Laura became tense and agitated very quickly. A man came inside, slowly approaching the two of you with restraints in his hand. You hear the familiar sounds of snikt. You looked down at Laura’s hands, in disbelief as you saw two pairs of claw blade emerged from the little child’s balled up knuckles.
You weren’t surprised when Logan explains that Laura was his daughter. Even a blind person could clearly see that. Apparently, Laura is his clone.
“She’s your child.”
“y/n ,I didn’t ask for this.” Logan grunts.
“Neither did she. You’re the only parent she has in this world.”
Your body could barely move as Professor Xavier started to have his seizures again. It was worst than before. Almost as worst than the one he had a year ago.
Your legs felt heavy as you took a slow step towards Laura, who was on the ground, using her claws to move to Professor Xavier. You needed to protect her. You didn’t care about the guns pointing at you.
Two days. He skipped his medication for two days. You were reasonably angry at him. He endangered not only his life, but yours, Logan and Laura’s.
“You could’ve gotten us kill, Charles!” You yell. “You almost did.” Tears spill down your cheek.
Finish us off.
The Munson family were the sweetest people you ever met. They filled that void you had been feeling for a year.
When you were alone, you felt Logan’s arms wrap around you. He places a kiss on your temple. He always harbored those feelings towards you.
You found yourself in the guest room Professor Xavier was sleeping in, just to make sure he was okay. Laura came in a few minutes later and slept in your lap.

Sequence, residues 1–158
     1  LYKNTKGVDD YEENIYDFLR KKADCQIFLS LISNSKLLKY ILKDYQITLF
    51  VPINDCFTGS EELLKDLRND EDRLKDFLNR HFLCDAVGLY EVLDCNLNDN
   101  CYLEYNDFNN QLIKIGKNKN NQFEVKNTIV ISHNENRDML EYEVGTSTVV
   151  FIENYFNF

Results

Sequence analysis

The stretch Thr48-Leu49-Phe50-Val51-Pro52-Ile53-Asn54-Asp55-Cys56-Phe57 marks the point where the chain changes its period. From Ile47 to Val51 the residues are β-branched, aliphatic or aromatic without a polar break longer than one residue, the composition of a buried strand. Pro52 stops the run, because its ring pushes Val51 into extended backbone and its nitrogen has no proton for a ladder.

Everything became so chaotic. Your heart stops as you watch the blades disappeared into the Professor’s chest. He gasped in surprised. Laura screams and attacks ‘Logan’. He tosses the child against the wall and you felt sharp pain in your stomach.
Laura never stops screaming.
Due to being an empath, you not only felt others emotions but imitate mutations around you as well. Your body starts heals, Laura is still screaming. You see the Munsons lying dead. Charles barely holding on to life. You went to find Laura. She was in restraints. Logan fighting a younger version of himself.
The three of you buried Charles in a small lake. It wasn’t the ocean but you assumed he’ll be at peace now. Logan wanted to be alone. He always wanted to be alone. He blames himself. Self-pity and blame is all he felt. He wants to leave Laura but you won’t let him.
“Why you being fucking selfish?” You shout.
“Look at what’s happened, y/n! I have all this blood on my hands and I’m fucking sick of it!”
Logan’s body was getting worse. It was the metal embedded onto his skeleton poisoning his blood.
“You’re dying, Logan. I know it’s the adamantium causing blood poisoning.” You said to him. “Your body can’t handle it anymore.”
He didn’t speak to you.
The kids at Eden were very nice and resourceful. Logan has been asleep for two days but he was plagued with his usual nightmares. Laura has similar ones too. She would ask you in Spanish to stay with her until she fell asleep after a nightmare.